# On the convergence of $\sum_{n=1}^{\infty} \frac{\lambda(n)}{n}$ and the Prime Number Theorem

Let $$\lambda$$ be the Lioville function of number theory.

I've heard several times that if $$L=\sum_{n=1}^{\infty} \frac{\lambda(n)}{n} =O(1)$$ then $$L=0$$ (the Prime Number Theorem). How can this be proved ? Or can someone kindly provide a reference ?

• I think you meant to ask: if $L$ exists (i.e. the series converges), then it equals to zero. Compare this with Theorem 426 in Hardy-Wright's book: if the ratio of $\pi(x)$ and $x/\log x$ tends to a limit, then the limit equals $1$ (which is the Prime Number Theorem). – GH from MO Feb 9 '19 at 23:11
• If $\sum_{n=1}^\infty a(n) n^{-1}=L$ converges then summation by parts shows $\lim_{x\to 0, x > 0} \sum_{n=1}^\infty a_n n^{-1-x} = L$, that is for $a(n) =\lambda(n)$ if $L$ exists then $L = \lim_{x\to 0, x > 0} \frac{\zeta(2+2x)}{\zeta(1+x)} = 0$ – reuns Feb 10 '19 at 5:13
• @reuns: I think this is what the OP was after. Please turn your comment into an answer! – GH from MO Feb 10 '19 at 23:20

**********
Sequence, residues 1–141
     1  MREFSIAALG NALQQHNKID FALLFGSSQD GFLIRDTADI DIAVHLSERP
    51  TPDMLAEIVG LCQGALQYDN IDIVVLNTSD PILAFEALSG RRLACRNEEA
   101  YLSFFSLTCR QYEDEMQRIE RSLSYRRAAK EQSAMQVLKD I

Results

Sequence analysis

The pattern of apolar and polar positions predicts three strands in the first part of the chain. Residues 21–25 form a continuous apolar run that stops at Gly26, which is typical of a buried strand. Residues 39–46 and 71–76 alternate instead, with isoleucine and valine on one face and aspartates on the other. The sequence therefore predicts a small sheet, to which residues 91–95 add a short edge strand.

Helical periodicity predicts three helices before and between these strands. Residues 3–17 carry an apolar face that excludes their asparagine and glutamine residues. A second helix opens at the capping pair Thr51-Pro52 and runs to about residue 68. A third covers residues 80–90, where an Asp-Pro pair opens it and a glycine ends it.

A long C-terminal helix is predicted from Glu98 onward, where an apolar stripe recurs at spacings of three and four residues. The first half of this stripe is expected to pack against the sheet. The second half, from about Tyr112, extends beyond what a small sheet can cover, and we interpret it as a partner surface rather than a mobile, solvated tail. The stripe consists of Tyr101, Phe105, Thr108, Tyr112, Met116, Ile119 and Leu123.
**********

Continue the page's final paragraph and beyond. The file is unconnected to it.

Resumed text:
$$\sum_{n=1}^N\frac{\lambda(n)}{n}=O(1)$$ can be proven in an elementary manner (with no analysis, real or complex). Indeed, observe we have $$\sum_{n=1}^N\lambda(n)\left\lfloor\frac{N}{n}\right\rfloor=\sum_{n=1}^N\lambda(n)\sum_{k\leq N,n\mid k}1=\sum_{k=1}^N\sum_{n\mid k}\lambda(n)=\sum_{k=1}^NQ(n),$$ where $$Q(n)=1$$ if $$n$$ is a perfect square, $$Q(n)=0$$ otherwise. Hence the right-hand side is clearly $$O(N)$$, while the left-hand side is $$N\sum_{n=1}^N\frac{\lambda(n)}{n}+O(N)$$. It follows immediately $$\sum_{n=1}^N\frac{\lambda(n)}{n}=O(1)$$.
On the other hand, as you note, $$\sum_{n=1}^\infty\frac{\lambda(n)}{n}=0$$ is equivalent to the prime number theorem. Hence there likely isn't an easy deduction of convergence from $$O(1)$$ bound, since that would give us an equally easy proof of PNT.